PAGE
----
DEITSCHE RAANE: How We Got Here
Focusing on the process of how the Urglaawe rune system came to be only in this post.
The Deitsch runes presented us with some significant challenges for several reasons:
- While some runes have definitely been in the Deitsch culture since migration (some being at the root of some hex signs, barn stars, or other symbols), the full alphabet is certainly not of antiquity; I suspect someone within the last 100 years tried to incorporate more symbols or knowledge, but, with the suppression happening after WWI, what we had in 2008 was badly broken or incomplete. Thus, what we are presenting now is inspired by older symbols, information, and/or lore, but it, of itself, is a new product.
- Very few respondents. A total of 31 contributed some input to the specific topic. Of those, 17 self-identified with Hexerei. Eight self-identified with Braucherei, and the rest did not claim an affiliation.
- Of those 31, 27 contributed a something significant. Of those, 9 were the primary contributors of the forms.
- None knew the names of all symbols.
- Of the 31, only three had a full complement of symbols, some resembling Elder Futhark symbols while others were very similar to Zodiac symbols.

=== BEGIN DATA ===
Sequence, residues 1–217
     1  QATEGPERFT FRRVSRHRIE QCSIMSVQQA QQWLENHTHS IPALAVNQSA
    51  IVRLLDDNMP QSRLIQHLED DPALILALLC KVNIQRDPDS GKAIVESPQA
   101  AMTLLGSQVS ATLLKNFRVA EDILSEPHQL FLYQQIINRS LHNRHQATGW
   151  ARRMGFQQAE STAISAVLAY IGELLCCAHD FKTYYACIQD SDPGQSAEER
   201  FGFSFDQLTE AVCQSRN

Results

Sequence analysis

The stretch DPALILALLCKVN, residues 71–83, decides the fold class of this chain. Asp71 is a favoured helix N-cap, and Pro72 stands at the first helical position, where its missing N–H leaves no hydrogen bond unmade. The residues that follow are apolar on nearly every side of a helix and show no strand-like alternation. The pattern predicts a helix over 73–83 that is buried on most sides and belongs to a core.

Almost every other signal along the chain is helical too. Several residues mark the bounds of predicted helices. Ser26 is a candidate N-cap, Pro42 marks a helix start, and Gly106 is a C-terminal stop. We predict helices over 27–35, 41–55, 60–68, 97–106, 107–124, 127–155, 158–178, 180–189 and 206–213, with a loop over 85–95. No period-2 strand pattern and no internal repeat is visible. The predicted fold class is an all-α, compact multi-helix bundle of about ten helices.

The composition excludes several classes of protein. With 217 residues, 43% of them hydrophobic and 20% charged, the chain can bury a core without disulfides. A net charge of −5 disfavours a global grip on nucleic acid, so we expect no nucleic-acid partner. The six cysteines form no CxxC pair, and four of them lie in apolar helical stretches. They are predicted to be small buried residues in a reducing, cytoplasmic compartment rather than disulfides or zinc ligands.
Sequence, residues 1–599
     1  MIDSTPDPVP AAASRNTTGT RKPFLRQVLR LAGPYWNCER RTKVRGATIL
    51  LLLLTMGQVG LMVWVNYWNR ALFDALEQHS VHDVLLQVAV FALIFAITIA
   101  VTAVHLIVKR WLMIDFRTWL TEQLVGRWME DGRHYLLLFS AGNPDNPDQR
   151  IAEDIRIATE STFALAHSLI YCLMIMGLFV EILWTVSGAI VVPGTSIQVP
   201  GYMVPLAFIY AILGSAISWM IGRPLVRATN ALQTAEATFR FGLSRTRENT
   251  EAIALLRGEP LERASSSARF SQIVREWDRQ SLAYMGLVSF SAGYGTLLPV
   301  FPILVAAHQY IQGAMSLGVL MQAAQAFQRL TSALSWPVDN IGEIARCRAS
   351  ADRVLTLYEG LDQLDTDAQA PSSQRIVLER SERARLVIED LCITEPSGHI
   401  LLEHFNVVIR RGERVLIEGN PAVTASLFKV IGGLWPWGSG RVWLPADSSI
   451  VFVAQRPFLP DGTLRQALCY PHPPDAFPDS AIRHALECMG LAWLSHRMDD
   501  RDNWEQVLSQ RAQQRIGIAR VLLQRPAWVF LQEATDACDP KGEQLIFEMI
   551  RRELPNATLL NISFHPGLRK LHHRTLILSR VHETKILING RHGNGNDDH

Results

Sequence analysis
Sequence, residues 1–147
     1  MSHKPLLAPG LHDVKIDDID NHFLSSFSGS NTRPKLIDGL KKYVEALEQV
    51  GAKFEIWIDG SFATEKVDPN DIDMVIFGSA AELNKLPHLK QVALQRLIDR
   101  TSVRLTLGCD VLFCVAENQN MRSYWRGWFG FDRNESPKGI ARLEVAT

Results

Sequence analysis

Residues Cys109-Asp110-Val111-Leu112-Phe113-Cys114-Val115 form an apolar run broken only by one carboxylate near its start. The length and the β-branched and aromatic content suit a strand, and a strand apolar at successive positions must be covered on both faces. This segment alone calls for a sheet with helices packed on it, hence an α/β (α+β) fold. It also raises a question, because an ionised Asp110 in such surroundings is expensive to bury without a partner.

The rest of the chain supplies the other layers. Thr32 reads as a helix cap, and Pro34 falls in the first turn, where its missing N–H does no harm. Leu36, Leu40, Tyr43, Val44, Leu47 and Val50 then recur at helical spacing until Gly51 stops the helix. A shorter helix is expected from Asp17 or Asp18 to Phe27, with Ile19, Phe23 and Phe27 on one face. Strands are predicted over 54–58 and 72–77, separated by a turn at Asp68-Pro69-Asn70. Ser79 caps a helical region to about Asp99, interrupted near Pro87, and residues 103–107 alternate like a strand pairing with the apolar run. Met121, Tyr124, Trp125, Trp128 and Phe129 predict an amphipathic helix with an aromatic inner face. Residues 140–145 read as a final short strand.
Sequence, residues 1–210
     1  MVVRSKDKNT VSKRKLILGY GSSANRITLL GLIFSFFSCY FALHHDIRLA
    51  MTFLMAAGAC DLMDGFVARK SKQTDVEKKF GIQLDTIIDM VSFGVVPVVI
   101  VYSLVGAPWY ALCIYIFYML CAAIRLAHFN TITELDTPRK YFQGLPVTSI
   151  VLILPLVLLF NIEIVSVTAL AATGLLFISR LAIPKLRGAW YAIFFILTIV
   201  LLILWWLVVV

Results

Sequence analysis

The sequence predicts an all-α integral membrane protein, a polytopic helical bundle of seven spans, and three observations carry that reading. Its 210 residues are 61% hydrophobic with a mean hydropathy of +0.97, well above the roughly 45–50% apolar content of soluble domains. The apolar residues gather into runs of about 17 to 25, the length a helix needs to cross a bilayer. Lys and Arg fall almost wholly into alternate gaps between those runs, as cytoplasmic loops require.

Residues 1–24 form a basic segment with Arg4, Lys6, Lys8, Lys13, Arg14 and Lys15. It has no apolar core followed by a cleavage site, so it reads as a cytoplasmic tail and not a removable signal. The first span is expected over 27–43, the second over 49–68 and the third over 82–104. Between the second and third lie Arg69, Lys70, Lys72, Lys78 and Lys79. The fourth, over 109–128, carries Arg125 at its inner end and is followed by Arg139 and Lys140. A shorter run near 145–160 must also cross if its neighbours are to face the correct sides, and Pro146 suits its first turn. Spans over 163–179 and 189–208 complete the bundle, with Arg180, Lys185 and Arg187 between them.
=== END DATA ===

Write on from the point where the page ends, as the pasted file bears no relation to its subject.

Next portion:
- Only two had a nearly-complete alphabet devoid of Zodiac symbols, and some of their symbols conflicted with each other.
- Everyone thought there should be a symbol for "p" or "bb," but no one knew the name or the symbol.
- Confusion over the same name ("Geil"; "horses") being applied to two symbols (now "Hengscht"; "stallion"; and "Eiwe"; "yew").
- The runes tended to be drawn with more rounding than with sharper points, partially because they were usually written with the thumb of the person being interviewed.
- The inclusion of twelve elements, each having two runes associated with it, arose from a cluster of 11 self-identified Hexerei practitioners in Northumberland, Columbia, and Montour Counties, with five outliers in other states, plus one in Ontario. The elemental system was inconsistent; quite a few cited knowing that there were twelve, but the twelve that one listed would have differences with the twelve listed by the next.
- Of those who used any twelve elements, all but the one in Ontario ascribed a proactive (typically referred to as "positive") and a reactive (typically referred to as "negative") aspect to each, thereby (at least in theory since the whole system was kind of a mess) linking one rune as a proactive rune and another rune as a reactive rune to each of the twelve elements. In most cases, the proactive corresponded to the pushing of the dominant hand of the practitioner while the reactive corresponded to the shooing or non-dominant hand.